When it comes to forging meaningful connections between indoors and out, the Indo-Pacific region is home to some of the most inimitable residences in the world. These five projects, each completed over the year 2019, are further testament the local region’s calibre to design for the idyllic, sub-tropical indoor-outdoor way of life.
Four Leaves Villa by Kentaro Ishida Architects Studio (KIAS)
The purpose of architecture is not just to create a building, but also to create an atmosphere that will enmesh itself within a context. It is for this reason that each room within Four Leaves Villa is oriented differently to maximise natural light and scenic views. Specifically, the living and dining space face southeast for increased brightness, while the master bedroom and bathroom face west, fitting cosily into a densely wooded area of the forest. Completed with a central courtyard, the Four Leaves Villa is an exemplary use of “architecture as an aggregate of diverse living spaces,” explains the designer, and is an integration that occurs as a result of blending nature with built context.
Photography by Norihito Yamauchi. Read the full story here.
Salmon Avenue by FGR Architects
The expansive entertaining area, which flows freely between the kitchen (the home’s “epicentre”), meals, living and alfresco areas, opens directly onto the pool and garden. In contrast to the new residence, the family had previously been living in a small house. “The kids were ecstatic and would literally run laps from the front door and down to the dining table,” recalls Ainsley.
Photography by Peter Bennetts. Read the full story here.
Crescent House by Matthew Woodward Architecture
Finding the balance between geometry and geography often compels architects to consider the importance of site and question the degree that the built and natural environment intersects. A vision of contemporary architecture and design that blends but also stands out from the environment, Crescent House by Matthew Woodward Architecture is the perfect contrast and meeting of nature with modern conveniences of a temporary aesthetic. Without compromising on one another, the built environment acknowledges the presence of the natural environment, and both are equally important to the clients’ experience.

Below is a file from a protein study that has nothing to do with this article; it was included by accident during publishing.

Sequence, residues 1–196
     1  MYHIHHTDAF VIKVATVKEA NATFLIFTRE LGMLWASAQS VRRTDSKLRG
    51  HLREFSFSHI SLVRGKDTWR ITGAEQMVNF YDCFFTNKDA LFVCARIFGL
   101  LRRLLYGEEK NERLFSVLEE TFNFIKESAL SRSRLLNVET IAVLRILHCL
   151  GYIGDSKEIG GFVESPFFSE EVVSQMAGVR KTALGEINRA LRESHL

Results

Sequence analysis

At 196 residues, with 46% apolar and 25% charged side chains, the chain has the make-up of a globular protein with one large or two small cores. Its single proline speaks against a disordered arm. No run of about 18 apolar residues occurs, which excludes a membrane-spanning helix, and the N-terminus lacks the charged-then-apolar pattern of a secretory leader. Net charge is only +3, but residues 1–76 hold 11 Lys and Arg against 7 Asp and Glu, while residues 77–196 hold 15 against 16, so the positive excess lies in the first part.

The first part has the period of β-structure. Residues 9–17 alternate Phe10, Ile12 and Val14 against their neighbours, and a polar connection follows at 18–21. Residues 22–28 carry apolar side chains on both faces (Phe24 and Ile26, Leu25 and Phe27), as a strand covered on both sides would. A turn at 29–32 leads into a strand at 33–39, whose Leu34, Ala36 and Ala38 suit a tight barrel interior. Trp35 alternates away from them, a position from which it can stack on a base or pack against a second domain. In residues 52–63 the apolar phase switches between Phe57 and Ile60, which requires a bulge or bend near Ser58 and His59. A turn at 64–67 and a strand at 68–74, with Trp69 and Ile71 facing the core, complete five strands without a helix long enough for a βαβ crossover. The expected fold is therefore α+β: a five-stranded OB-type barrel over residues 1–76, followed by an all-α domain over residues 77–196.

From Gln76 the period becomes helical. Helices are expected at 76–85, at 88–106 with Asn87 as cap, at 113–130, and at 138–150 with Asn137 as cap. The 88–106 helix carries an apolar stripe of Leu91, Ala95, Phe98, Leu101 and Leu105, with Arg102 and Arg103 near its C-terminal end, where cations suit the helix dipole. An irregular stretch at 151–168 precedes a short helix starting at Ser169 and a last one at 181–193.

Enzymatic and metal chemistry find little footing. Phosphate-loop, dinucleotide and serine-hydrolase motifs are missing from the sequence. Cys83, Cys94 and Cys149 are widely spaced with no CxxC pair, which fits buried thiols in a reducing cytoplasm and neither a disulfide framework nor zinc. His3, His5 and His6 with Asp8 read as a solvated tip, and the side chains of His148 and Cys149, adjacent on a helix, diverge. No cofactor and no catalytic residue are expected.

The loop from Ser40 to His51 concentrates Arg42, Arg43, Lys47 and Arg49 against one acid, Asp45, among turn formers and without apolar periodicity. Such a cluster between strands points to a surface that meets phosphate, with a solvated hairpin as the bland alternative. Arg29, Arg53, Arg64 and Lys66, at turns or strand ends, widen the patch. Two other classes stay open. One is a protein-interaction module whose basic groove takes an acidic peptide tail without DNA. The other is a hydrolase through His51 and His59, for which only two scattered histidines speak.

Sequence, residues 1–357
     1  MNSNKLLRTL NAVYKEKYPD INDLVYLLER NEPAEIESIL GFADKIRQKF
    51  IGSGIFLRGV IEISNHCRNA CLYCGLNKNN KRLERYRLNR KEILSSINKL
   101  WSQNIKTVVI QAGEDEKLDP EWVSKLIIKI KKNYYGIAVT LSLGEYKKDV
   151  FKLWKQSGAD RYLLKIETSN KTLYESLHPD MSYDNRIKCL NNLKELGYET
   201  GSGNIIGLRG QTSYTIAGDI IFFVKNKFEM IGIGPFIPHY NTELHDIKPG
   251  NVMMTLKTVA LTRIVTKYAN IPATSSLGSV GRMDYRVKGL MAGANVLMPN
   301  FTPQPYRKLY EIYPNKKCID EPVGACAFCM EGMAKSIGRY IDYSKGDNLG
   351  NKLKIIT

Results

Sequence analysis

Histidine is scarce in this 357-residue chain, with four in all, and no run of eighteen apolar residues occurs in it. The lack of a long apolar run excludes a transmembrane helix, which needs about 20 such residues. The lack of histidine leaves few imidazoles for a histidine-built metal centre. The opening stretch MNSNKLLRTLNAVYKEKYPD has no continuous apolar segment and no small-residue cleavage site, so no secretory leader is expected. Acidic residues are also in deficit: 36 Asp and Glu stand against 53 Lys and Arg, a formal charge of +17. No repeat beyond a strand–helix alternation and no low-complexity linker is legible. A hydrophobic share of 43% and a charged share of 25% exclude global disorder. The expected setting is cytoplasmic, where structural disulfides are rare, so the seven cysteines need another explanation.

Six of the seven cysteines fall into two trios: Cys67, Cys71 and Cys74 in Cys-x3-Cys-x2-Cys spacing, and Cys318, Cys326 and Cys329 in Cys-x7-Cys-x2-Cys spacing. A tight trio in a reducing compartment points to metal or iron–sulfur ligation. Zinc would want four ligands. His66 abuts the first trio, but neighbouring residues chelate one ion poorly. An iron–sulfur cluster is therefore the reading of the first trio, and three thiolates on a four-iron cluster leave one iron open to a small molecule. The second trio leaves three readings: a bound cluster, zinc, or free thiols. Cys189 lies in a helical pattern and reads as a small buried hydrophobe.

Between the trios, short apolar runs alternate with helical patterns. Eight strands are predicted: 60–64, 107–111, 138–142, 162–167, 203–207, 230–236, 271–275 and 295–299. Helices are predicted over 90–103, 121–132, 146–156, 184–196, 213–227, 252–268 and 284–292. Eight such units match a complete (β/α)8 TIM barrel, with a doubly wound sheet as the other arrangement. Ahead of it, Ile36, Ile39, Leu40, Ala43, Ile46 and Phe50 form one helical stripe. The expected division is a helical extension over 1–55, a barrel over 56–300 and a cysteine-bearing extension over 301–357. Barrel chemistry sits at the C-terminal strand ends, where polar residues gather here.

A building form that coexists harmoniously with its context, Crescent House is positioned as an organic sculpture in Vaucluse. The family home for five has expansive views of Sydney Harbour and Middle Head, with easy access to Sydney Harbour’s foreshore.
Photography by Murray Fredericks. Read the full story here.
Fraser Hill Estate Residence by ONG&ONG
Setbacks from the highway meant there is more garden area at the back, whilst mature trees planted beside it provided a ready-made verdant backdrop. The fact that the rear 12-metre building setback line did not apply to basement structures also meant that a pool could be built along the back garden and its bottom could be appreciated from the basement via the use of the acrylic panel.
“Naturally, the back garden then became the focal point of the house,” says Tomas “but we had to be careful with the noise.” On the ground floor, the only effective solution was fixed double-glazing and a limitation to the opening panels. But this limitation simplified the design. The garden became a panoramic framed view, the concise exemplification of the Chinese design practice of jiejing or “borrowed scenery” – water in the foreground, lawn and shrubbery in mid-ground, trees in the background.
Photography Derek Swalwell. Read the full story here.
IH House by Andra Martin
On the 5,650-square-metre site, Andra carefully shaped the sloping land to create a 3-level outdoor area. With a simple brief to create a house that is connected to the outdoors, the project team wanted to make sure the landscape could offer spatial experiences as dynamic as the buildings’. The entrance connects the house to the surrounding neighbourhood and the ramp, connecting one level to the next, offers a dramatic entrance to the house’s main quarter, thanks to its long and narrow nature.
At the other end of the ramp, a Trembesi tree welcomes one into a space that reveals the residence’s true size. The main building offers spaces with different degrees of openness: an open space; a space with a roof but without walls; and interior space with definite, but transparent, boundaries. In every part of this house, the residents can always feel connected to nature care of the 200-plus trees that were planted by the owners after construction.
Photography by Mario Wibowo. Read the full story here.